A new experience this week – I was sent a couple of friend requests on facebook and I didn’t want to accept them.
I quite like these people in the real world, and it occurred to me that getting to know them online is quite a different thing altogether as ugly political differences and less than appealing personality traits are laid bare.
I weighed up the pros and cons of letting other people judge me too.
Finally it struck me that this might be the turning point, and if it’s like that for me, how many others are going through the same thing?
Can you imagine if we rejected social media as is and rededicated our social lives to the real world?
Now there’s a step forward for humanity.
Don't throw a ball and expect my dog not to chase it
I’ve never really used the expression ‘it’s all going to the dogs’ as it’s supposed to be a bad thing, and when I give something to my dog he’s invariably quite chipper about it, especially if it involves tasty morsels to nibble on – nay, wolf down.
But one place where it feels completely appropriate to use the expression is with those big extended arm / ball flinger things.
They look brilliant for lobbing balls long distances and keeping even the most energetic of pooches highly entertained, whatever the length of the owner’s arms, and thus the effect of their lob.
But please if you own one of those, will you look before you let go?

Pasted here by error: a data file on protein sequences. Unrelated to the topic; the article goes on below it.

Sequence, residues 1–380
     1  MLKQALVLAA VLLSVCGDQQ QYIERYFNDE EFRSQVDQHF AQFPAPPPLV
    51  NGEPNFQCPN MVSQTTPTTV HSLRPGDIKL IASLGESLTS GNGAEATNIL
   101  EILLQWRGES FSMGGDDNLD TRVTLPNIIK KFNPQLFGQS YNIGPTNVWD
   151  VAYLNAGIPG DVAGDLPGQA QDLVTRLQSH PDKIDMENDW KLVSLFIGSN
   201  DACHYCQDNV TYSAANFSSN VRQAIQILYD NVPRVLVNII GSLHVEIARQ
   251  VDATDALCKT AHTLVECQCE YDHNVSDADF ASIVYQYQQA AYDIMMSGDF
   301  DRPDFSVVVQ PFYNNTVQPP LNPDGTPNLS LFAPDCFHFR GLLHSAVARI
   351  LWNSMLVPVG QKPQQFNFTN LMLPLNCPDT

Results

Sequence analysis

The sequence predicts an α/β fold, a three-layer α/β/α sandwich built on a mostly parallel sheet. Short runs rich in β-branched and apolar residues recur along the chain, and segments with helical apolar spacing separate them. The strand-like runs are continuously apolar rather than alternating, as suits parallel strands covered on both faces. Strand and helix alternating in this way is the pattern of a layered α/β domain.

I have had enough with people chucking their balls in the vicinity of my dog, at his feet, and then being surprised when, guess what, he grabs the ball and runs off with it at delighted speed.
Of course he will, it’s a tasty morsel – albeit non-edible – which has dropped from the sky.
He has no concept of right and wrong in these situations, so why the perpetrator of the ball fling then stands there looking so deflated is truly beyond me.
With the ‘that’s my ball’ dazed expression crossing their features.
Yes it is, and I don’t care. As, guess what? You gave it away.
I know my dog and I know what a struggle it is to get a ball back from him once it's in his jaws.
I know I will get it, but I also know it will take me 15 minutes, and at 6am I am out and about walking him as I am on a tight schedule, not a leisurely distraction to while away my morning.
And it’ll take me even longer to retrieve if the ball’s true four-legged owner is left running around behind my dog.
That doesn’t help me bring him to heel with this golden gift in his gob.
So there we have it, if you’re throwing balls at my dog, expect him to take them, and don’t expect me to hang around as you stand there looking heartbroken that you only had one ball.
So please, use your sense, look before you throw it straight into his giant gaping slobbery jaws or it literally will be going to the dog.
New school drugs policy only gives users a higher profile
Seemingly sniffer dogs are going to be taken into some schools across Gosport and Fareham to track down any drug users – but only twice a year – so hey ho, after the second visit you’re good to crack-on.
There have always been, and will always be, a small core group of drug users in every school, whom the rest of the students mainly ignore with wary scepticism and a healthy dose of ‘no thanks’.
Having the dogs into an educational space gives the drug takers a much higher profile and a much bigger label.
What’s the point? Surely if it’s to catch criminal elements it’s much less disruptive to go for a walk down the beach, or in the parks of an evening, and sniff out cannabis smokers without all the hullabaloo?